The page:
Trump presidency brings ‘uncertainty’ for Cuban higher education

Country also looking to build stronger links with UK universities

April 9, 2017
Source: istock
Cuba remains committed to its 'socialism and solidarity' but is also keen to develop tighter ties with British universities

Cuban higher education faces “uncertainty” after the election of Donald Trump as US president, according to a government minister.

Aurora Fernandez, vice minister at the Cuban Ministry of Higher Education, said that the thaw in relations with the US initiated by President Barack Obama’s visit to Cuba in 2011 had led to modest growth in links between universities in the two countries.

Between 3,000 and 4,000 US students were now coming to Cuba each year to study for a semester or a shorter period, and Cuban scholars were “just starting to go to US universities for research projects and to write papers”, Ms Fernandez told Times Higher Education. The improved links had “made a difference psychologically”, she added.

However, she acknowledged that the Trump presidency could endanger these developments.

“Trump hasn’t affected anything yet, the administration has done nothing to stop collaboration,” Ms Fernandez said. “We are crossing our fingers that won’t happen, but we have uncertainty in the near future.”

A slowing in the growth of links with the US could potentially offer opportunities for a post-Brexit UK keen to develop further partnerships beyond Europe, and Ms Fernandez was speaking during a visit by a Cuban higher education delegation organised by the Foreign and Commonwealth Office and Universities UK International.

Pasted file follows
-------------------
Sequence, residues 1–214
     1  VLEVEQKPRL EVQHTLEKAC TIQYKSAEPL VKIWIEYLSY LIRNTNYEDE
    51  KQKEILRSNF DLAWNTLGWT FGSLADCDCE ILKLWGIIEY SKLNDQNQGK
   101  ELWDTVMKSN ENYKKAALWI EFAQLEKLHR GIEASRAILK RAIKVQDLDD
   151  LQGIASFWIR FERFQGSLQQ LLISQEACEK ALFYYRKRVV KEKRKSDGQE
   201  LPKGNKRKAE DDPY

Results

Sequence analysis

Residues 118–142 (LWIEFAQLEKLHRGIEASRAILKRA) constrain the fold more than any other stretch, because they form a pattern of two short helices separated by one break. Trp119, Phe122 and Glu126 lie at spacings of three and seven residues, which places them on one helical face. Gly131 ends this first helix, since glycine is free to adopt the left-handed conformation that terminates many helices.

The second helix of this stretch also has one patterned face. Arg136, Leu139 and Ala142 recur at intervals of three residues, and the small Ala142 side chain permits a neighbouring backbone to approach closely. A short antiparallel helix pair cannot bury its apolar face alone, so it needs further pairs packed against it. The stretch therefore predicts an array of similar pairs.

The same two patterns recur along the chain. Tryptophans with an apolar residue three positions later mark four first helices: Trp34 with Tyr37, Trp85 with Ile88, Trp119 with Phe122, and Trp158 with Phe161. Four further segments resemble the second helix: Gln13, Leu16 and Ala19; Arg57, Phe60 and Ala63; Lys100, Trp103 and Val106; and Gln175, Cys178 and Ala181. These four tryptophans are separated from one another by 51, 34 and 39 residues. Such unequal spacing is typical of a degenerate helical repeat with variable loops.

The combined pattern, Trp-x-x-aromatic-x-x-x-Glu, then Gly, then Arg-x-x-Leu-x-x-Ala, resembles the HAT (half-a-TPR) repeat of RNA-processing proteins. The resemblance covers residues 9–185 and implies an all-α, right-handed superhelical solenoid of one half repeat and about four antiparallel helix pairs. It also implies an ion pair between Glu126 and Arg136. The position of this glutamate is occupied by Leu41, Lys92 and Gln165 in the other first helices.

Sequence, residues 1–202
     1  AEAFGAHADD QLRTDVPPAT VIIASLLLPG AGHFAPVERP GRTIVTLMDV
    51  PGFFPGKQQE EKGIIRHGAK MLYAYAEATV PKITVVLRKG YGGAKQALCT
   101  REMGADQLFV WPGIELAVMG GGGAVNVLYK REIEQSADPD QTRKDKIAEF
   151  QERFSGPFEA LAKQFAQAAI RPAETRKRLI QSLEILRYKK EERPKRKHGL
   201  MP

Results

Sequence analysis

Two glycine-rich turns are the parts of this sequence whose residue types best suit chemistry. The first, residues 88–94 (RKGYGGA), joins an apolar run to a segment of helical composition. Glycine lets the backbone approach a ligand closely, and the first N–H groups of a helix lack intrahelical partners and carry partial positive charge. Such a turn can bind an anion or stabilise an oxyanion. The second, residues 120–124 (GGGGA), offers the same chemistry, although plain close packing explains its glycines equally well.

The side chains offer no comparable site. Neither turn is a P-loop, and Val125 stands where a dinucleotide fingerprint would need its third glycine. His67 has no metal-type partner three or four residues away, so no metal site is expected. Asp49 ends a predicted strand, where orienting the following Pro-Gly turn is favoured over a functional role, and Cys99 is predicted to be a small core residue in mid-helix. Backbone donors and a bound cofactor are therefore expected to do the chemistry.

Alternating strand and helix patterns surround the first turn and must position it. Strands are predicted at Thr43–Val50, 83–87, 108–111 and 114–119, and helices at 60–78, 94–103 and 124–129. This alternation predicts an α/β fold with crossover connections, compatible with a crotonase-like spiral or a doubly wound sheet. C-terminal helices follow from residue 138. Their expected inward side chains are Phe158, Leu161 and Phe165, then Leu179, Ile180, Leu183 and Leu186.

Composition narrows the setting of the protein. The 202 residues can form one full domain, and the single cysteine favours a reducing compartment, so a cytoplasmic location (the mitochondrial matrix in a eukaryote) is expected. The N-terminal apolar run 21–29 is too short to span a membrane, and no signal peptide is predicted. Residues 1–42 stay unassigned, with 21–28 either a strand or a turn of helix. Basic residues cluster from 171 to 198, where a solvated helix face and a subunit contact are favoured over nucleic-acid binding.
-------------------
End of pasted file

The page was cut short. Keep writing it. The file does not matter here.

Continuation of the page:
Ms Fernandez said that Cuban collaboration with UK universities seemed to have tailed off in recent years and that she hoped to forge further links between individual universities to “increase staff-faculty interchange, joint research projects, joint PhD and master’s programmes”.

Areas for possible future collaboration include agricultural science, food production and renewable energy, as well as distance and English-language learning.

However, Ms Fernandez was concerned about the impact of the UK’s exit from the European Union on existing research consortia, which include academics from the UK and the EU.

While in the UK, the Cuban delegation also had meetings at Cass Business School, which, according to the vice minister, has already sent academics and students to her country to “talk about banking and taxes, which are not so known in Cuba”.

Might this suggest it was rethinking some of its core political principles?

Not at all, responded Ms Fernandez. Although it certainly hoped to “leave underdevelopment behind” and “develop the economy”, this would not be at the expense of their “socialism and solidarity and human values”.

matthew.reisz@timeshighereducation.com

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